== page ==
During the 1930s and 1940s, DeMille became Paramount Picture's most bankable director, turning out hits like "The Sign of the Cross" (1932), a religious epic about early Christianity during Roman times that starred Fredric March and Claudette Colbert. DeMille was at his best with historical costume epics like "Cleopatra" (1934), which was nominated for five Academy Awards and starred Colbert as the seductive queen of Egypt. Meanwhile, DeMille directed and hosted a successful CBS radio show, "Lux Radio Theatre," from 1936 until 1945, when he refused to join the radio union and quit the program instead. He moved on to helm a number of successful films for Paramount, including the Gary Cooper Western "The Plainsman" (1937), the swashbuckling adventure "The Buccaneer" (1938), and another Western, "Union Pacific" (1939), starring Barbara Stanwyck and Joel McCrea. With "Northwest Mounted Police" (1940), DeMille shot his first film in Technicolor, a Western that starred Gary Cooper as a Texas Ranger who joins the Canadian Mounted Police in an effort to quell a rebellion. He next directed "Reap the Wild Wind" (1942), which starred John Wayne as a 19th century salvage ship captain contending with piracy off the Florida Keys and a romantic entanglement with the rescued employee (Paulette Goddard) of a rival company.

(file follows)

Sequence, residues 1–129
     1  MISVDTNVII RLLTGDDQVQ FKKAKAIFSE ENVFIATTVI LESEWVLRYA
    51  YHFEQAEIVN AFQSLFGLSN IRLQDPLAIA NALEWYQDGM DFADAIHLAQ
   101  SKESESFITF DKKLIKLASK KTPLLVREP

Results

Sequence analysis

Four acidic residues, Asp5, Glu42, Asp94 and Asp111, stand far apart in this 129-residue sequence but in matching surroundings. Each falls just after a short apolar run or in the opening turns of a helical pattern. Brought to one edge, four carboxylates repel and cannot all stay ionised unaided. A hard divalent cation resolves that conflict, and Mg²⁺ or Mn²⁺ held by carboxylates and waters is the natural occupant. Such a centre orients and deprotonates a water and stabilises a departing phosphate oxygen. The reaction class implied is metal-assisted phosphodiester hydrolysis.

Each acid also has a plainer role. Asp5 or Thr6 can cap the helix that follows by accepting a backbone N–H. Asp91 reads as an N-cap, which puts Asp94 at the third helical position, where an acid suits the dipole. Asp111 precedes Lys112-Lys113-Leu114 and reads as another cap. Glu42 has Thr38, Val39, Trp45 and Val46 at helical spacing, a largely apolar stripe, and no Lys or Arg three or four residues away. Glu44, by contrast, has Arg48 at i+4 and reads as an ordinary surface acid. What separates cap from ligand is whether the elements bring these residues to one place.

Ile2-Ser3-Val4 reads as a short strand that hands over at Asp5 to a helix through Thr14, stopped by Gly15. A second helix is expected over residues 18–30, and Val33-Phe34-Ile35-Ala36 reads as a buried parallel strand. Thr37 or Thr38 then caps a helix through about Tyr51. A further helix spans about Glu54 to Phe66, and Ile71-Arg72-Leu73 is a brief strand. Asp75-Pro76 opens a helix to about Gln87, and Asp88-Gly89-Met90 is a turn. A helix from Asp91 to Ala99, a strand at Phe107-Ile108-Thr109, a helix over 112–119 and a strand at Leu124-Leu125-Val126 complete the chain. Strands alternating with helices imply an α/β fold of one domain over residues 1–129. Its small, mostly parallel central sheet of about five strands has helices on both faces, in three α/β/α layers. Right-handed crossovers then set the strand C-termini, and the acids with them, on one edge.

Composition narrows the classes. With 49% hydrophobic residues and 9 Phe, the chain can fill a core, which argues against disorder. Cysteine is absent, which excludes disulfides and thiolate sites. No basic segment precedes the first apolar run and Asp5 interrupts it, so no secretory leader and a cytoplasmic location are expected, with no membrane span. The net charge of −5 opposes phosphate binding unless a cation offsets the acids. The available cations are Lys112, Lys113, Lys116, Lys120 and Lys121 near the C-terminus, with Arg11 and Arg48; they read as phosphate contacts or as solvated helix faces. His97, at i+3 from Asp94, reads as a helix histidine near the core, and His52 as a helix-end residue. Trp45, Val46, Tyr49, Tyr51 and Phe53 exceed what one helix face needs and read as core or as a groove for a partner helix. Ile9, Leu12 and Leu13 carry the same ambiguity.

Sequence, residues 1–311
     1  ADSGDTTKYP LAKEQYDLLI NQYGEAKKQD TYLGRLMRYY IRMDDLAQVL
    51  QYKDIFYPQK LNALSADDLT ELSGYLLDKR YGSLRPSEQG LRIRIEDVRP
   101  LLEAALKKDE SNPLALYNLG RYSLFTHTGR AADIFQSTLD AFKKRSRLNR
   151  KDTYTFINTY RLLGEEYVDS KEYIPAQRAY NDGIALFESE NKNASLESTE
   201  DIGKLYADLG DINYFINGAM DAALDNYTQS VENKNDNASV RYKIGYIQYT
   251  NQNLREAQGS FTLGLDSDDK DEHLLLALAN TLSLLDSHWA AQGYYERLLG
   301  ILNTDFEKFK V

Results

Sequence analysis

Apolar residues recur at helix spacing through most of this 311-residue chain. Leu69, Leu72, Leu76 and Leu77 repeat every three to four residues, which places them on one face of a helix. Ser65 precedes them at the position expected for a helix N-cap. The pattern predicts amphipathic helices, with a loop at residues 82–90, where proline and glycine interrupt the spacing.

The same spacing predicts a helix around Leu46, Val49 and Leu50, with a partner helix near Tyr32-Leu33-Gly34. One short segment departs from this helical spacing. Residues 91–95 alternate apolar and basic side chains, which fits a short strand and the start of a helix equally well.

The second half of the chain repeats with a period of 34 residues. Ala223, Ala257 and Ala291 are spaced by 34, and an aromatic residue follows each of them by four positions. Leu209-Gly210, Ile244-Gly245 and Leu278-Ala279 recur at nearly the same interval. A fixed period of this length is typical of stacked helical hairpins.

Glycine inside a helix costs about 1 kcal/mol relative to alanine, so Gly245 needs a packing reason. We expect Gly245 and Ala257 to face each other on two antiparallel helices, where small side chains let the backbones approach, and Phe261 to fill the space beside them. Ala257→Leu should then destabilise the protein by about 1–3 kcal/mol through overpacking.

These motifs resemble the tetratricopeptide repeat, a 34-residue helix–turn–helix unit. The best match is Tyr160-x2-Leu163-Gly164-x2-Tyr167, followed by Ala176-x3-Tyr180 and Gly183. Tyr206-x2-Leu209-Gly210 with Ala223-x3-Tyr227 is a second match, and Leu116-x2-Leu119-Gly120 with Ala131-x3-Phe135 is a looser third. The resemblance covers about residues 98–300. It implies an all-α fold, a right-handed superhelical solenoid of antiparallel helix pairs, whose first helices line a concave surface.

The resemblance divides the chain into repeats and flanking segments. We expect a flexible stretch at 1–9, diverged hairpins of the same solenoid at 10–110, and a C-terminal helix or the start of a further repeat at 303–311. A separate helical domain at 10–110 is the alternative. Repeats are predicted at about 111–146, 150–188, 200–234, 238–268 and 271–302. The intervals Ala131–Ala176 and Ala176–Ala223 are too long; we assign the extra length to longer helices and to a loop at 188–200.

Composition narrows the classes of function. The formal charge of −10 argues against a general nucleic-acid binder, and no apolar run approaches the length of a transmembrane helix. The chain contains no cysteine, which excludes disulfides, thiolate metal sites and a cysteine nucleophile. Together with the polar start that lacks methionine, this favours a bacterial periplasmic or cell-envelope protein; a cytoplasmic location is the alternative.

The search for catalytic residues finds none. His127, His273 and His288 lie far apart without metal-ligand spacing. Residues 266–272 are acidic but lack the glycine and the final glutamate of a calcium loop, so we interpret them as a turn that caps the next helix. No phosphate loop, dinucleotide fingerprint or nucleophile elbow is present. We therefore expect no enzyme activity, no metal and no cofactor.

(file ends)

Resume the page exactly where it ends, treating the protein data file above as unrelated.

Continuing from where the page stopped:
Under president Barney Balaban and studio boss Y. Frank Freeman, DeMille helped make Paramount Pictures the most profitable of the studios during Hollywood's Golden Age. DeMille focused on the recent past with "The Story of Dr. Wassell" (1944), which told the tale of Dr. Corydon M. Wassell (Gary Cooper), a medical missionary working in pre-World War II China, who disobeys orders to leave the island of Java during a Japanese bombing in order to tend to wounded soldiers. Despite the built-in heroics of the main character, DeMille's take on the story lacked nuance in its straight-up Hollywood telling. He again reunited with Cooper for "Unconquered" (1947), an 18th century-set adventure that depicted the violent struggles between American colonists and the Native Americans. DeMille's dictatorial nature flared during production after co-star Paulette Goddard refused to participate in a scene that involved real flaming arrows, leading to the director refusing to ever work with the actress again. DeMille's career reached its apex for his next three films, starting with the biblical epic "Samson and Delilah" (1949), starring Victor Mature and Hedy Lamarr as the titular characters. After becoming one of the biggest hits of the year, the film went on to earn five Academy Award nominations. Also that year, DeMille earned a Special Award from the Academy for 37 years of brilliant showmanship.